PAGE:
As a Police Officer it’s always safer to just keep ones mouth shut when it comes to matters of politics, race and public controversy; but in regards to this “mad professor” situation I am going to air some personal opinion. Keep in mind please that this is just one man’s opinion. It is not to be construed as an “official position” and in no way reflects the opinion of my dept.
The way I read this situation, it can be broken down into three areas. The officers actions, the professors actions and the presidents/media actions. My analysis:
The Cop: According to Sgt. Crowley’s report, he responded solo to a call of a burglary in progress with TWO possible suspects. While on the porch of the residence, the Sgt. sees a man inside, tells him that he is investigating a possible break-in and asks him to exit so he could talk to him and if there is anybody else in the house with him. This is a common and wise practice. You never want to go into a structure against a possible threat..especially alone. Calling the man out also means that if he is an innocent resident being held against his will, you may have the opportunity to remove him from danger. Instead of doing as he is asked, the professor starts out by being confrontational. He immediately injects race into the situation by claiming the only reason the cop is there is because he is a “black man in America”. Not something you want to do to a police officer that just told you the reason why he was there, investigating a possible break-in at your home. AKA-doing his job to protect YOUR PROPERTY. Eventually the professor comes to the door and continues to be disagreeable, at first refusing to provide the officer with ID. Once the officer has identified the man as the homeowner, the rest of the story is the continued, racially charged ranting that flows out onto the porch of the house, a public place in view of a gathering crowd. From the sound of things there was a lot of “you don’t know who I am”…”you are going to regret this”…comments about the officers mother..etc being yelled and screamed. After giving the man two warnings that he was being disorderly, the officer had enough and arrests the man for disorderly conduct.
The Professor: Without rehashing what I just wrote, and attempting to remain as impartial as a cop who has faced similar situations can be; the professor claims that the officer was rude, confrontational and refused to provide his name and badge number. He also claims that the officer arrested him after intentionally luring him out onto the porch of his home because the officer was irritated over his exercising his right to complain.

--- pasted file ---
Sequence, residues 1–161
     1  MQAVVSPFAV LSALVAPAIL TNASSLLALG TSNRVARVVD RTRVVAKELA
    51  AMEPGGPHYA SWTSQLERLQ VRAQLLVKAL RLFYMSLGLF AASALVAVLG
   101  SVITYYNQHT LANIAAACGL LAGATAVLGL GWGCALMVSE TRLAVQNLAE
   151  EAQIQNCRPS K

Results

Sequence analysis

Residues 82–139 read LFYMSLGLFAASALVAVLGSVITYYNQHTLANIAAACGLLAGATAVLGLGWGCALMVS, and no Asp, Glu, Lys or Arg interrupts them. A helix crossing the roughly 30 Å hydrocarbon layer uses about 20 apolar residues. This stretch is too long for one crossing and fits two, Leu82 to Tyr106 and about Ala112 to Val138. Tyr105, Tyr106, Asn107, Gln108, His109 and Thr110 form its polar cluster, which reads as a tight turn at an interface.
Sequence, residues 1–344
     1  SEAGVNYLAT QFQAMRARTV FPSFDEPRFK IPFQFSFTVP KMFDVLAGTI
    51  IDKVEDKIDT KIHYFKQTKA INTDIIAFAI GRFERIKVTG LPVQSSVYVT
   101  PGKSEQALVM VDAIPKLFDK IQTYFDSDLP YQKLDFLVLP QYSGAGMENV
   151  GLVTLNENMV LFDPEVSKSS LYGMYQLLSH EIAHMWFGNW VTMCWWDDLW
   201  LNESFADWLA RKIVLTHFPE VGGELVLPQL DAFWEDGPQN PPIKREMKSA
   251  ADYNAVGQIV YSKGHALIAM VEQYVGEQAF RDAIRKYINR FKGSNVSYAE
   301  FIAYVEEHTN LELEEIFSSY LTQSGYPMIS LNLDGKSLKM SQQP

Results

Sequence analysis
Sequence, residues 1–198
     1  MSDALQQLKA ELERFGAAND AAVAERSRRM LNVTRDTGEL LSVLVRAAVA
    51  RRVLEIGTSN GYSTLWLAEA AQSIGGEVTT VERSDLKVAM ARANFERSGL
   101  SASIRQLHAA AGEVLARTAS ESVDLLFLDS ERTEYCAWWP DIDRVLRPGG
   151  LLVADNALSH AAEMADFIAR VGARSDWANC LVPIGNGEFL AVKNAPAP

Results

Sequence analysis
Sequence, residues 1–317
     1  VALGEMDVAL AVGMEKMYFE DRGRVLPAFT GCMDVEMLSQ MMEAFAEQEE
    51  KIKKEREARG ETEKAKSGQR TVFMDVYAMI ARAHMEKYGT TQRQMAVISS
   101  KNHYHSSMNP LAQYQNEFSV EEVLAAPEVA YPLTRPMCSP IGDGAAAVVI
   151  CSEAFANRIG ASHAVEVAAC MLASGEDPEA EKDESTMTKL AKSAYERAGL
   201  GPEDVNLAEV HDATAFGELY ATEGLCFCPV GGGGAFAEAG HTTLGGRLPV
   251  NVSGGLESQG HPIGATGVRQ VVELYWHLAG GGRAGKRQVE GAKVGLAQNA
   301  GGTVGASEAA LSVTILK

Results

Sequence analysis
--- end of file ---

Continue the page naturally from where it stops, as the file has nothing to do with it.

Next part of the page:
The President: A friend of the professor… states at a press conference “I do not have all the facts” and “the police acted stupidly” in the same breath. We all know where things went from there.
Because I don’t want to say anything here that could reflect badly on me or my department when seen through the lenses of people who like to find fault with any police activity I am going to cut this short. Let me sum up:
In my opinion many things could have been done, if not “better” perhaps differently. First and foremost, could the professor have acted differently? Could he have looked at the situation as a police officer responding to ascertain the security of his home and his own personal well being? Versus immediately looking at the officers race and jumping to an unjustified conclusion? Absolutely.
Did the officer “have to arrest” the professor? Could the Sgt.have used some discretion and just left? Sure he “could have”. Did he “have to walk away”? Was the arrest unlawful? I would have to say no.
We officers have to make many decisions and 0ftentimes make them under stress and time constraints. While I may often think “man I could have done that better” the real bar I set for myself is “was what I did legal and within policy”? Ultimately, probable cause trumps officer discretion. I don’t think it’s fair to judge Sgt. Crowley on discretionary matters, what he should be judged on is the legality of his actions, and from what I see he had PC to support his charge. The dropping of charges in cases like this often has less to do with the propriety of the arrest as it does with political expediency.
And last but not least. While the president is free to say what he wants, I would hope that the leader of the free world would wait for all the details before making inflammatory remarks.